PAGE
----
Secretary of Education Miguel Cardona
Photo: Getty Images

Sec. Miguel Cardona cites federal civil rights law in Florida Don’t Say Gay clapback

The Secretary of Education condemned the recently passed bill that effectively bans LGBTQ+ discourse from Florida school classrooms.


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In the fight to protect the rights of LGBTQ students in Florida, Education Secretary Miguel Cardona took to Twitter to publicly criticize Gov. Ron DeSantis for the “Don’t Say Gay” bill. 

"We stand with our LGBTQ+ students in Florida and across the country, and urge Florida leaders to make sure all their students are protected and supported,” Cardona said. 

The bill, officially known as the Parental Rights in Education Bill, passed in Florida’s Senate on Thursday, March 10 and DeSantis is expected to sign it into law. 

In an interview with K-12 Dive last week, Cardona said that he will not stand by and do nothing as LGBTQ+ students become further marginalized. 

"We're going to lift up their voices and make sure that they recognize that our schools are for them and that they have the same opportunity any other students have. So not only in funding, but in policy and how we use the bully pulpit,” he said. 

The bill prohibits teachers from encouraging “classroom discussion about sexual orientation or gender identity in primary grade levels or in a manner that is not age-appropriate for students.” 

Educators, mental health experts and LGBTQ+ advocates alike have widely condemned the bill, which contains dangerous precedents regarding students coming out at school, such as notifying the student’s parents or guardians without their consent.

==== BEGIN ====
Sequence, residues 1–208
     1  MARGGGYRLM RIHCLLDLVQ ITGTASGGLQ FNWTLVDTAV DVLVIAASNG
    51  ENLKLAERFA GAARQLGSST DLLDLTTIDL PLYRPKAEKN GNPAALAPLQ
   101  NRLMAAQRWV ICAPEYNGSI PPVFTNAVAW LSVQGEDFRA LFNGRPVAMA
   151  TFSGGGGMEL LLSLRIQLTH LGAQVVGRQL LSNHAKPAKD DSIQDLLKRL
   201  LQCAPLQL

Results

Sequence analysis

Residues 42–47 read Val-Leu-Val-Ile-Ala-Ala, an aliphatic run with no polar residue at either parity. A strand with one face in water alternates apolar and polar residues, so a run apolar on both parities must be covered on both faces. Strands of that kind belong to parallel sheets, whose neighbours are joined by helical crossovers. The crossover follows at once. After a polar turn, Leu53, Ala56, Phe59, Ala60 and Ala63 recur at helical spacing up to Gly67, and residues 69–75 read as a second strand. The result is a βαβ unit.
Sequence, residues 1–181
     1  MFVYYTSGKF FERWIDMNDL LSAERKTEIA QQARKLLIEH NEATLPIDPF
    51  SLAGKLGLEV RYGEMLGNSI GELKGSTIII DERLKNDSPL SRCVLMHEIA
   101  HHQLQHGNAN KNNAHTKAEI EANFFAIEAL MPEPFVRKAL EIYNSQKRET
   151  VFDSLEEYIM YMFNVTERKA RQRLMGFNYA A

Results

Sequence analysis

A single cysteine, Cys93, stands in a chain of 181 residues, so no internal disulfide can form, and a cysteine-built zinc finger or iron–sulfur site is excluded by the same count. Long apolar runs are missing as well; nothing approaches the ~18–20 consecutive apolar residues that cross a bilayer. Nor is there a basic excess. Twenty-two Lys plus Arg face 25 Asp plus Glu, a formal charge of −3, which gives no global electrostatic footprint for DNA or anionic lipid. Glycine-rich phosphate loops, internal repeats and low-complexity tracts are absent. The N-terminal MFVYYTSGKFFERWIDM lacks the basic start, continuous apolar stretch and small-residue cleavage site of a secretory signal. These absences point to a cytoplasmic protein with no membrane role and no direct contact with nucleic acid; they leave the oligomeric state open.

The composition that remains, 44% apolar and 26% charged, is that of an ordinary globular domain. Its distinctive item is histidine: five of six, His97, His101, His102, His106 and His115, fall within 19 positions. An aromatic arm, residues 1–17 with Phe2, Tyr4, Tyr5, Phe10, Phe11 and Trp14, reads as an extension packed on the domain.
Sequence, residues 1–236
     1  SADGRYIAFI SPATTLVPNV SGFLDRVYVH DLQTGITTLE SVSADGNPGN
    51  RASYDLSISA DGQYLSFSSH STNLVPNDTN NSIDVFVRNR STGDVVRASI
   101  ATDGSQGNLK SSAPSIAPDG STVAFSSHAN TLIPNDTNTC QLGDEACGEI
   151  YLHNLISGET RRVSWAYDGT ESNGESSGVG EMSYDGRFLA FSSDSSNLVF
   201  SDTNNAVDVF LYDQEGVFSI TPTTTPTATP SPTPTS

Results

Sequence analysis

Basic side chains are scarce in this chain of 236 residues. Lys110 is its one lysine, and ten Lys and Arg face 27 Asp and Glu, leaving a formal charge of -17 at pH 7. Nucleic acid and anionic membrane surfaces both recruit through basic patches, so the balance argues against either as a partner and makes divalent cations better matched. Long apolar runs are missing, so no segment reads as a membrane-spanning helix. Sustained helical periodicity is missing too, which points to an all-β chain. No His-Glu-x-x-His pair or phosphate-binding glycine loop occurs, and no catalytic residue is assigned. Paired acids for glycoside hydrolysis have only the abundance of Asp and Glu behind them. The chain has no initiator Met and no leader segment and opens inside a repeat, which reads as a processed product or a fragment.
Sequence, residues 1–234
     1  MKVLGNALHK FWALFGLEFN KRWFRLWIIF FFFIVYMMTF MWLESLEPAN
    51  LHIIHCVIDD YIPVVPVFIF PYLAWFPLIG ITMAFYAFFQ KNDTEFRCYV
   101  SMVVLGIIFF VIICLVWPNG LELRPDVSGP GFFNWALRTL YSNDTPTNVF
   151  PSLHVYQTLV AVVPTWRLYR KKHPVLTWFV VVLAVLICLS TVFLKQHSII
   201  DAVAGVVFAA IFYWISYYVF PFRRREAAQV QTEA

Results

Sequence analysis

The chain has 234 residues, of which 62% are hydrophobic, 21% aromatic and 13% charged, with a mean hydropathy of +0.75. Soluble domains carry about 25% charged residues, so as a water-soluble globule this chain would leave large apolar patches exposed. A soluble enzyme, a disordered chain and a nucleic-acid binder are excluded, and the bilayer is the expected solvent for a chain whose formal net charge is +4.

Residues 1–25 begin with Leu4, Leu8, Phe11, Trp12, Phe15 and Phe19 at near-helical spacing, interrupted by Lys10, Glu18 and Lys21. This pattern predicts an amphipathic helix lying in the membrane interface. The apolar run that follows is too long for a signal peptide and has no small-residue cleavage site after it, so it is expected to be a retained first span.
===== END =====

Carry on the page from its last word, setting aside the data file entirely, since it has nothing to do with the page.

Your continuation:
In response, students participated in massive school walkouts across the state. One protest organizer named Jack Petocz, a senior at Flagler Palm Coast High School is now “indefinitely suspended” for passing out 200 pride flags against the advice of the principal. 

On Tuesday, March 8, Cardona posted a Twitter thread outlining why the bill is so damaging to LGBTQ+ youth, reminding DeSantis that the federal government has the power to step in when it comes to their protection.

“The Department of Education has made clear that all schools receiving federal funding must follow federal civil rights laws, including the Title IX’s protections against discrimination based on sexual orientation and gender identity,” Cardona wrote. 

Several Democratic lawmakers and LGBTQ activists joined Cardona in criticizing the bill’s passage on Tuesday. 

“These bills shamefully attack and endanger LGBTQ+ students who are just trying to get a quality education, whom the state has an obligation to treat fairly and protect,” Cathryn M. Oakley, senior counsel at the Human Rights campaign, said in a statement. 

Rep. Michelle Rayner, a St. Petersburg lawyer and lesbian, said in a statement that the legislation was “written vaguely” on purpose. 

“I think that some of the supporters of the ‘don’t say gay’ bill, they want to go to court because they are hoping that the court system will agree with their discriminatory practices. But we have a whole plethora of law, we have case law, we have statutes, that say this type of discrimination cannot happen,” Rayner said. 

White House press secretary Jen Psaki added a statement above Cardona’s Twitter thread, saying that the President and his administration stand with LGBTQ+ students, “including in Florida where they have passed hateful legislation.” 



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